Photo by Austin Distel on Unsplash
Oftentimes, company reorganizations take many employees by surprise. Emotions are running high as companies are both eager and anxious for the next step. Along with this, comes negative side effects such as a decline in productivity. However hard the circumstances may be, getting over these negative feelings and focusing on personal connection is important for the future.
If you as an employee have survived a reorg, it is most likely because your company saw value in you and believe you can help them move forward. So, if you’re having trouble coping with the landscape in front of you, read on for some actionable steps you can take.
1. Recognize the fallout
One of the first things you must do on the road to recovery is to recognize the fallout that just took place. The period leading up to reorganization and the actual event itself can be stressful—but only if you let it. Your coworkers may have been let go or your office atmosphere might feel off. This often leads to feelings of sadness, loss, and even “survivor’s guilt”. While it’s okay to feel these emotions, don’t let them impact your day-to-day. It’s going to take some time for things to get back to normal.
2. Rebuild your confidence
With a reorg comes a heavy self-evaluation period where you contemplate your next step. This might be your window of opportunity to switch jobs or to take the next steps in furthering your career. Therefore, begin by doing a skill inventory to see what excites you and what doesn’t. Take this time to find ways to get excited about the work you’re doing again. Don’t let this deter you from finding new ways to play to your strengths and explore your interests.
3. Find opportunities internally
As mentioned above, now is the perfect time to scope out the various departments to see what opportunities present themselves. Oftentimes, there is a position for you to take on new assignments or position yourself to build new skills. What’s more, is you might have the opportunity to take on a more elevated role in your current position. Seek out and take on these opportunities. Not only will they help you expand your skills, but they will also help you get closer to your longer term goals.
4. Perform a gap assessment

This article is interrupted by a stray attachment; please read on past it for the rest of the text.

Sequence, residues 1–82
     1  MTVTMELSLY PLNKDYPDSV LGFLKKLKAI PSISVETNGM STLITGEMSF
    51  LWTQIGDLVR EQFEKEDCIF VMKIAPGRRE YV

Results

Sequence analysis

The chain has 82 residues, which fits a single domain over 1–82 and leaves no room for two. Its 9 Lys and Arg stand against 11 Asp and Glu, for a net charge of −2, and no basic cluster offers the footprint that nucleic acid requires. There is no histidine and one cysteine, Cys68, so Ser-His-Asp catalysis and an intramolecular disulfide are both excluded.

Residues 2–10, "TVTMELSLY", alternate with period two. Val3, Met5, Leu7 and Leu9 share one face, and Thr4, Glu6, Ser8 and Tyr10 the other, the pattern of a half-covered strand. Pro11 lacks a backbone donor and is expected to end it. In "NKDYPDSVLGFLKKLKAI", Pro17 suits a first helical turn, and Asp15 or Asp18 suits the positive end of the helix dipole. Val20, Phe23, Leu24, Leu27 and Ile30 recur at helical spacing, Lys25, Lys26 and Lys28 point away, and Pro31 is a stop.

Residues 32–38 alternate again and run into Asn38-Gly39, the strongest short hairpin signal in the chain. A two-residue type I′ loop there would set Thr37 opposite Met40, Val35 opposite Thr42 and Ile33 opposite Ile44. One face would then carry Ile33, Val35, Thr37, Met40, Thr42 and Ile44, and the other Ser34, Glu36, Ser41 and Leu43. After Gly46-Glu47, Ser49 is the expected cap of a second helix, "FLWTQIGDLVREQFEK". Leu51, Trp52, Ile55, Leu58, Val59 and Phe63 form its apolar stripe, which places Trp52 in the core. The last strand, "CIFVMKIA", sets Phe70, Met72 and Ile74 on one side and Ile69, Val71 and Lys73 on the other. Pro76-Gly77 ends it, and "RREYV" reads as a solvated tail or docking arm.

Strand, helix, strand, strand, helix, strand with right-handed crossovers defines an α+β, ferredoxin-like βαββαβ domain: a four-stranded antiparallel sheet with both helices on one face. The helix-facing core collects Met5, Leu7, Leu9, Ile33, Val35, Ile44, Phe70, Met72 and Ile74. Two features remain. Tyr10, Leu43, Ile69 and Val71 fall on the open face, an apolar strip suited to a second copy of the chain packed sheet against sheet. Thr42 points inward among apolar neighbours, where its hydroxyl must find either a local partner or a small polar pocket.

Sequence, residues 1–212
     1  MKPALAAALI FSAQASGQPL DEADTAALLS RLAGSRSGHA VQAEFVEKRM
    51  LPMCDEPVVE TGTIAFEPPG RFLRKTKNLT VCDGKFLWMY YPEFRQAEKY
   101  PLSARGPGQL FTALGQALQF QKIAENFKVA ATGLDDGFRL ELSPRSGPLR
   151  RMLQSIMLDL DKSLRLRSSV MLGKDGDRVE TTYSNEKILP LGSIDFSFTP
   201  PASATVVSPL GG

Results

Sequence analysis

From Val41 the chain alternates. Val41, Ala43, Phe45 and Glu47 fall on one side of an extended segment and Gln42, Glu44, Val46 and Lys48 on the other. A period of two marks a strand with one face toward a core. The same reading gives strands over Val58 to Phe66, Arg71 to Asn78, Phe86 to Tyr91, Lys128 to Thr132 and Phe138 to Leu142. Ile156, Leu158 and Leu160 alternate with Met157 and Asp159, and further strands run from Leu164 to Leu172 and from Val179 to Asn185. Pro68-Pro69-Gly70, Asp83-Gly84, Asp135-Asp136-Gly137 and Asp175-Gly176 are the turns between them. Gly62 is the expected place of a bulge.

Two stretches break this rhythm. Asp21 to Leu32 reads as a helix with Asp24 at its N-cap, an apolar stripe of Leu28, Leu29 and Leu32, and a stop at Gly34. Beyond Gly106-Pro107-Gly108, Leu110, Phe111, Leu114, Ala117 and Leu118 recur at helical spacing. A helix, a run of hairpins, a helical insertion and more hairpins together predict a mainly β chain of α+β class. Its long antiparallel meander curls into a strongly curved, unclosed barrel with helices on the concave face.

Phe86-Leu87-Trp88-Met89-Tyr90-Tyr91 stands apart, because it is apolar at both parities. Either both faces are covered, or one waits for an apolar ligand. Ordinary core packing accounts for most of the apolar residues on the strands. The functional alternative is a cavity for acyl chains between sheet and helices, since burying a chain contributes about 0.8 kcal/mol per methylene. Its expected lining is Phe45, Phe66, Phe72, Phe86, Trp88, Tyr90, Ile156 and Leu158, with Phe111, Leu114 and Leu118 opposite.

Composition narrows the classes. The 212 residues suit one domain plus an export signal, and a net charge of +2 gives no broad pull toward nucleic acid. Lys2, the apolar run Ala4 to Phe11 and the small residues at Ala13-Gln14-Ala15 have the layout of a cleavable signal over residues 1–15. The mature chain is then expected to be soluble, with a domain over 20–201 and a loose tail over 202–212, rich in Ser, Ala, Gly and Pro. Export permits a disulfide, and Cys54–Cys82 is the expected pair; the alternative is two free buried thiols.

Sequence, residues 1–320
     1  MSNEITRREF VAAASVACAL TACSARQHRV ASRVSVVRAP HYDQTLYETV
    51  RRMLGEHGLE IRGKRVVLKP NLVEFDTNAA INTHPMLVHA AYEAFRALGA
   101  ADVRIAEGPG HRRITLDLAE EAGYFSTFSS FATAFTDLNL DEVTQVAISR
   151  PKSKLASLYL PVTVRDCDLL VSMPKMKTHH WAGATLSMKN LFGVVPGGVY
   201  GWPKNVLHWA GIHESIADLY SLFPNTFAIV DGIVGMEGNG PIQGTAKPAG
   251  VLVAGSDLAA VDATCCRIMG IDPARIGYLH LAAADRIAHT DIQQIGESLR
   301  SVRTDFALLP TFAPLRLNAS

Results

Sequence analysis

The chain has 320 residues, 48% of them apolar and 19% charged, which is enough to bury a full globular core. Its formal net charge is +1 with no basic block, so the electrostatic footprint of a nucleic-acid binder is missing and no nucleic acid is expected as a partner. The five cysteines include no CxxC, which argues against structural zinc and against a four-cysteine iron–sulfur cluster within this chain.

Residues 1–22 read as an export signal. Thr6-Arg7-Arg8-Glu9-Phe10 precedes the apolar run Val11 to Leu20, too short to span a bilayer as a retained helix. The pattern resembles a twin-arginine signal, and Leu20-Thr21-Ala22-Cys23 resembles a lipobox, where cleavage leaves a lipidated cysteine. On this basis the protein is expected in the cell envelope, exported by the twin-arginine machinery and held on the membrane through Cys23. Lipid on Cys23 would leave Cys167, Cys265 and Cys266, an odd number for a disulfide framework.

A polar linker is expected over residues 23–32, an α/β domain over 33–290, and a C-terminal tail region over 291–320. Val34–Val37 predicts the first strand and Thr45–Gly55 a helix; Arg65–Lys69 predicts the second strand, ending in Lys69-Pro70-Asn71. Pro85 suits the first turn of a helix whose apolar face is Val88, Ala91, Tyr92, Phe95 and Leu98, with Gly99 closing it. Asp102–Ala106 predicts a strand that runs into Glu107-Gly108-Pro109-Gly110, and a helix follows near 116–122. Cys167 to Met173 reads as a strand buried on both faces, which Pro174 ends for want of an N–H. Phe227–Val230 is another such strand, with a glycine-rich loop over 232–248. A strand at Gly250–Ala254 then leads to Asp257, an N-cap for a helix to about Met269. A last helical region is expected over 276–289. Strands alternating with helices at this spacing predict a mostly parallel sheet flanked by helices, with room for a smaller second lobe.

If you’ve been given a new role due to restructure, give yourself some time to get settled and understand what is being asked of you. This process may happen fast or take a few months. After this time, perform a gap assessment to determine if you have the tools and skills to be successful in the role. If you are lacking something, albeit resources, training, or tools, make sure you raise your concern to your manager so they can get you what you need to get the job done.
5. Manage and communicate up and down
Just as you have been navigating the turbulent waters of a reorg as an employee, it doesn’t mean your managers and other upper management aren’t too. Tend to these relationships so you can have a good understanding of what is being asked of you in your role. Additionally, you can use this to see what you can do to contribute to the success of the organization. If you are in the management position, take the time to help your employees adapt and calm their concerns about their jobs. This will ensure that your employees are comfortable in their new roles. It is best done one-on-one to focus on personal connection.
6. Don’t lose your contacts, keep communication lines open
Though you may think that once a coworker leaves your company, you will never see or hear from them again. Think again. You never know when and where you’ll reconnect. Additionally, if a colleague was valuable to you, whether as a resource, mentor, or confidant, don’t be so quick to lose that relationship. Take the initiative and make the first move to foster that personal connection, whether it be on LinkedIn or giving them a call. Even though they may be gone in the office, they should not be forgotten by you.
7. Embrace the change and grow from it
While it may seem like a lot of changes are happening at once, it will soon come to an end and the dust will settle. Once the dust has settled, find the silver lining in the change. Make the best of the situation and look for new opportunities that can further you along in your career. People who embrace change are more successful in life. So focus on building personal connections and go the extra mile. You may even be rewarded by leadership for your efforts. Having the right attitude is all it takes to be a change agent for your organization.
A reorg may seem scary at first. But with a little time, patience, and optimism, you can seek out new opportunities that can further your career and make your day-to-day work something to look forward to. By embracing change, you might just find something that’s right for you.